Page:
A major opinion poll’s results were released which demonstrated that fully two-thirds of post 9/11 veterans now think the wars in Iraq and Afghanistan “weren’t worth fighting.” That’s a remarkable, and distressing, statistic and one that should give America’s president, legislators, media, and people as a whole, serious pause. Not that it will, mind you, but it should! It’s doubtful that US military combat vets – who are more rural, southern, and conservative than the population at large – have ever so incontrovertibly turned on a war, at least since the very end of Vietnam.
This is both unconstitutional and ethical. President Donald Trump has a complicated job, but in the end he must honor his campaign promise to end our engagement in foreign wars under false pretenses.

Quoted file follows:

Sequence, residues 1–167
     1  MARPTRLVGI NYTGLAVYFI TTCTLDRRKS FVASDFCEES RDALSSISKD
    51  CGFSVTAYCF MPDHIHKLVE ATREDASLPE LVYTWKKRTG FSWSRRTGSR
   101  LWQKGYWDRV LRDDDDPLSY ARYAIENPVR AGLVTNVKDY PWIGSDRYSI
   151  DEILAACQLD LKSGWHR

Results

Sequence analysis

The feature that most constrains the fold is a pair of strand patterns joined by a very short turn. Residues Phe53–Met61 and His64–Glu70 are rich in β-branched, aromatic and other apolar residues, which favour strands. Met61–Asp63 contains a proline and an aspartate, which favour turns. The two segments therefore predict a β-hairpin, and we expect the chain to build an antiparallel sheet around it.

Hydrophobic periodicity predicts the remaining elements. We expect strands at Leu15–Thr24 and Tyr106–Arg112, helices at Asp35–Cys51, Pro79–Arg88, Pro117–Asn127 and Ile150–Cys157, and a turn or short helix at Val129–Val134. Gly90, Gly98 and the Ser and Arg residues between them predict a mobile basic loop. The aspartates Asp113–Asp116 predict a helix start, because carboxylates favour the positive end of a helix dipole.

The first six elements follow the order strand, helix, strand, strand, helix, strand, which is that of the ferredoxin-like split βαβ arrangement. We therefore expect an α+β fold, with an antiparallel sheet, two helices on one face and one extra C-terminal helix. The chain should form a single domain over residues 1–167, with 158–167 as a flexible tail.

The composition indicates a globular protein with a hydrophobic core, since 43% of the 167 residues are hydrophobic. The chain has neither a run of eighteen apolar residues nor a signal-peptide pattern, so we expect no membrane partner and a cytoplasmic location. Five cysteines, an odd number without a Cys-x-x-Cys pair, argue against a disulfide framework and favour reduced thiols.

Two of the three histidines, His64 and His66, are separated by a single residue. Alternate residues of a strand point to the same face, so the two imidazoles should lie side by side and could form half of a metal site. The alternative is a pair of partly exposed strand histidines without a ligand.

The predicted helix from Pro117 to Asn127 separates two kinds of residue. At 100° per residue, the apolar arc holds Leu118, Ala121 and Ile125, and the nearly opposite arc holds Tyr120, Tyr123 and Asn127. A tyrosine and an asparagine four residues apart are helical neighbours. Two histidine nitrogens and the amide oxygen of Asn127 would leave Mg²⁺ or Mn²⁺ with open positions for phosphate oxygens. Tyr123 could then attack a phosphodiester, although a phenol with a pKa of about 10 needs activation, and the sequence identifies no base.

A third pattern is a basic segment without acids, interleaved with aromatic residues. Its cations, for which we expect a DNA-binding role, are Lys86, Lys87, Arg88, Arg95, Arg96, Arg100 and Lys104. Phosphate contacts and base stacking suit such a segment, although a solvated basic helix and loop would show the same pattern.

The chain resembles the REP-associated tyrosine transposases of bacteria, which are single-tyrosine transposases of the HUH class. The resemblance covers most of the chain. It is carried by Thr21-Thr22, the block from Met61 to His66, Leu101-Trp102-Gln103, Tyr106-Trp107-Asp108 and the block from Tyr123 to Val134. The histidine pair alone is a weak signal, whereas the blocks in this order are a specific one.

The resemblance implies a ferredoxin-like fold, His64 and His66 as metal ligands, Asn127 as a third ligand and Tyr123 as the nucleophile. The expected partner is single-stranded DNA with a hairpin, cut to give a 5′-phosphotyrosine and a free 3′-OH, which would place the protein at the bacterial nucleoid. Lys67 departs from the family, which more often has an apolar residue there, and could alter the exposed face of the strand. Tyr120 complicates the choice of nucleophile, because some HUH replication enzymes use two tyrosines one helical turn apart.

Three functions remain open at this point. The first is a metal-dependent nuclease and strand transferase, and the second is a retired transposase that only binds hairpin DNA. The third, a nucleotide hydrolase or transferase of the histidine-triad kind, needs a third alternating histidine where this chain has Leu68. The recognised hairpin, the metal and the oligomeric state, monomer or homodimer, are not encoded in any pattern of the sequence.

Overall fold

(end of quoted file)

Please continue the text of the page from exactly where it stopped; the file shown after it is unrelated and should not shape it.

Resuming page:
This just out from Steve Aftergood:
There are only nineteen years since 1789 when the U.S. did not have armed forces engaged in military operations abroad, according to an updated tally from the Congressional Research Service. See Instances of Use of United States Armed Forces Abroad, 1798-2019, updated July 17, 2019.
The most recent year in which U.S. military forces were not used in a foreign conflict was 1979, according to the CRS. The CRS account does not reflect covert action, disaster relief, or training activities involving U.S. forces abroad.
Though there have only been 11 formal declarations of war, there have been hundreds of military actions including “extended military engagements that might be considered undeclared wars.”